PTSD and Relationshipsfind connection
PTSD and Relationships
When you experience a trauma, you may develop symptoms of PTSD. Several of these symptoms can cause significant distress in a relationship. Regardless of the type of trauma, it is natural for this event to impact your relationship with others. There are several ways in which experiencing a trauma may impact your relationships. When you experience a trauma, you may feel hypervigilant. This means you may have a heightened sense of awareness around you to scan for a “threat”. However, often there is not a real threat, but due to the desire to stay safe and prevent future traumatic events, your brain may now perceive non-threatening situations as threatening. This may show up in a relationship as assuming your partner is angry about something based on their facial expressions or not wanting to go to a crowded place for fear of danger. This leads to arguments with your partner or disruptions to every day life. Anger is a common symptom of PTSD. Often, this anger gets directed at people you love and care about, resulting in conflict with your partner and in other relationships. Following a trauma, people often have difficulties feeling safe, making it difficult to confide in your partner. This can lead to you feeling alone and disconnected and leaves your partner feeling as though you don’t care about them or don’t want to talk to them. If you experienced a trauma, it is also common to feel shame, guilt, and worthlessness or feel like you are unlovable or “bad” in some way. This is painful. Connection within our relationships are healing. Through trauma therapy, either individually or as a couple, you can find healing from the trauma and reconnect with others.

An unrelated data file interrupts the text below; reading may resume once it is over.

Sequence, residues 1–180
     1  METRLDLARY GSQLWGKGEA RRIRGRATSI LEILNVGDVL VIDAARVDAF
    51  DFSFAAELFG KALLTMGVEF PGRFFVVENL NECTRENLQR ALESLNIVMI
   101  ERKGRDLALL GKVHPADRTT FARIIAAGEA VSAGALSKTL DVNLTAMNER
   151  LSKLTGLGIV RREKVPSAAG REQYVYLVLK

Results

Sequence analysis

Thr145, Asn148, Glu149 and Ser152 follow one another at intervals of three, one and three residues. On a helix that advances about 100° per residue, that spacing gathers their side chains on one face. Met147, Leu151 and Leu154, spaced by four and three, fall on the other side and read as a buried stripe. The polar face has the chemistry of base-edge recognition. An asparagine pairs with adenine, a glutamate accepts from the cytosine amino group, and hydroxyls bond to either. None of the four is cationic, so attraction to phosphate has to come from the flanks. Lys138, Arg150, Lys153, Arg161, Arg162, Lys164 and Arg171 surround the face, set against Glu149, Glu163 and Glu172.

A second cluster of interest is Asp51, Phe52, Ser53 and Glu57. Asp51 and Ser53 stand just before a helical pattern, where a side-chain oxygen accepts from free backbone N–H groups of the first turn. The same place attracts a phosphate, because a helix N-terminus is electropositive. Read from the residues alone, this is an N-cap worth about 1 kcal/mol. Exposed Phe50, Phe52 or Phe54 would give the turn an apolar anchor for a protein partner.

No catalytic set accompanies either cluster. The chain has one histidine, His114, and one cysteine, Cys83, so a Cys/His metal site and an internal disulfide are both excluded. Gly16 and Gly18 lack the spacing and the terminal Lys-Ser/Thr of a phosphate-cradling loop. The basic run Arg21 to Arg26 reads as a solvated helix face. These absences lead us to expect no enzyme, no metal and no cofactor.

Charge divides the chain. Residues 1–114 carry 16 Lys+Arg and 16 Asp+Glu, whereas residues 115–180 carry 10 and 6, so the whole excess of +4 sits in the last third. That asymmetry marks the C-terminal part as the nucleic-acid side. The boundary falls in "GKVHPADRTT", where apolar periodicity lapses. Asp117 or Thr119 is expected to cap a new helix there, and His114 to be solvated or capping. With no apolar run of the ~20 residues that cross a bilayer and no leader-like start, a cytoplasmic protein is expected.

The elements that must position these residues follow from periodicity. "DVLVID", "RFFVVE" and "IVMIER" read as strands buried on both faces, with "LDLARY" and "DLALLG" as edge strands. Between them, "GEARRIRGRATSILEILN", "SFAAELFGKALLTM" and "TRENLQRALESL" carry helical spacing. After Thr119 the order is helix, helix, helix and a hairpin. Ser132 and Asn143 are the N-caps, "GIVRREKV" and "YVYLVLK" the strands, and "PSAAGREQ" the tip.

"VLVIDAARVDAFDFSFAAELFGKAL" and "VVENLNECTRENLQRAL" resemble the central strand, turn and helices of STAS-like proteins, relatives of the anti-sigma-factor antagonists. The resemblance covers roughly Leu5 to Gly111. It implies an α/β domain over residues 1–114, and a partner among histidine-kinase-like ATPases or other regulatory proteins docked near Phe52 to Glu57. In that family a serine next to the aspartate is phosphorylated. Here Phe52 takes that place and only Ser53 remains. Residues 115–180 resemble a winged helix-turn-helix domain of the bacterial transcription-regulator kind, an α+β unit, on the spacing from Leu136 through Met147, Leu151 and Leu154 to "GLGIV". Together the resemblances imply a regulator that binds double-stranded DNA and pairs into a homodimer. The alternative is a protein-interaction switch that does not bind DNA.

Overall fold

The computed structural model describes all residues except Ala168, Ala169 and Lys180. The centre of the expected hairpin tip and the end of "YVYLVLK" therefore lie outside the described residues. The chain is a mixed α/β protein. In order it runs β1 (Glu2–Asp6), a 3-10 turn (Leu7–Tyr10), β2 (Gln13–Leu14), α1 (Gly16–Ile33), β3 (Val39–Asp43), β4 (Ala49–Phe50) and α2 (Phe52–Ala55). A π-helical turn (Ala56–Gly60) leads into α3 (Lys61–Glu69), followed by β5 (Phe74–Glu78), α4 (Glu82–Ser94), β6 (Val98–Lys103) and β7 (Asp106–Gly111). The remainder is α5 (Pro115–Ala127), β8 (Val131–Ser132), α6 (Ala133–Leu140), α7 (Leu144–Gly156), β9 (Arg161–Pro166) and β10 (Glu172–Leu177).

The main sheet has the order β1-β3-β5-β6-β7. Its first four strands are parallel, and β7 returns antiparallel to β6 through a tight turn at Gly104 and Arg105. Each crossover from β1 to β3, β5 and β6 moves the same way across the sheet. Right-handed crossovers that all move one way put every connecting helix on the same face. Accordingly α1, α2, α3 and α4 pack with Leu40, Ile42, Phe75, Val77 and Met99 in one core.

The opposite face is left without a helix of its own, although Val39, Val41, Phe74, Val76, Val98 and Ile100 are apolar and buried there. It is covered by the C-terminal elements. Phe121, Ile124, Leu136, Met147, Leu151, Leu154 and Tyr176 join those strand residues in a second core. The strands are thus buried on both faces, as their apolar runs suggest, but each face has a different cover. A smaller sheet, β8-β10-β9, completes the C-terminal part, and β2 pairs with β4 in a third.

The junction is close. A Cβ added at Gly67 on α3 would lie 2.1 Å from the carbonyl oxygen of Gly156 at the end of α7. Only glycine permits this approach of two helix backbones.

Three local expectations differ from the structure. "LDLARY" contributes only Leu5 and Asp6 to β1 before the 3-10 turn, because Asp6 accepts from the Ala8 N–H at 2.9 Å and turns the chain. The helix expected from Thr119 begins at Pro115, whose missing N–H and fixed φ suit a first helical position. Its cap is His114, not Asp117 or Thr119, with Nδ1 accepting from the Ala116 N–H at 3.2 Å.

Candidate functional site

Common focuses of trauma therapy for relationships
Trauma therapy for couples focuses on building safety so you can talk about your trauma to your partner(s) in a safe, loving environment. This promotes connection and healing.
Educating about Symptoms
You will be educated on symptoms of PTSD and how these symptoms impact your relationships. Your partner(s) will also learn how to identify symptoms of PTSD which can build more compassion for each other within the relationship.
Learning how to open up to your partner(s) can help you get to know each other better and reconnect. Connection is why we are here.
One goal of therapy for PTSD and relationships is to cultivate appreciation. This builds positivity and love within the relationship.
Therapy for PTSD and relationships can help you heal. The combination of trauma therapy and relationship counseling can be more helpful than trauma therapy alone, by adding a key ingredient of connection and support from your loved one(s).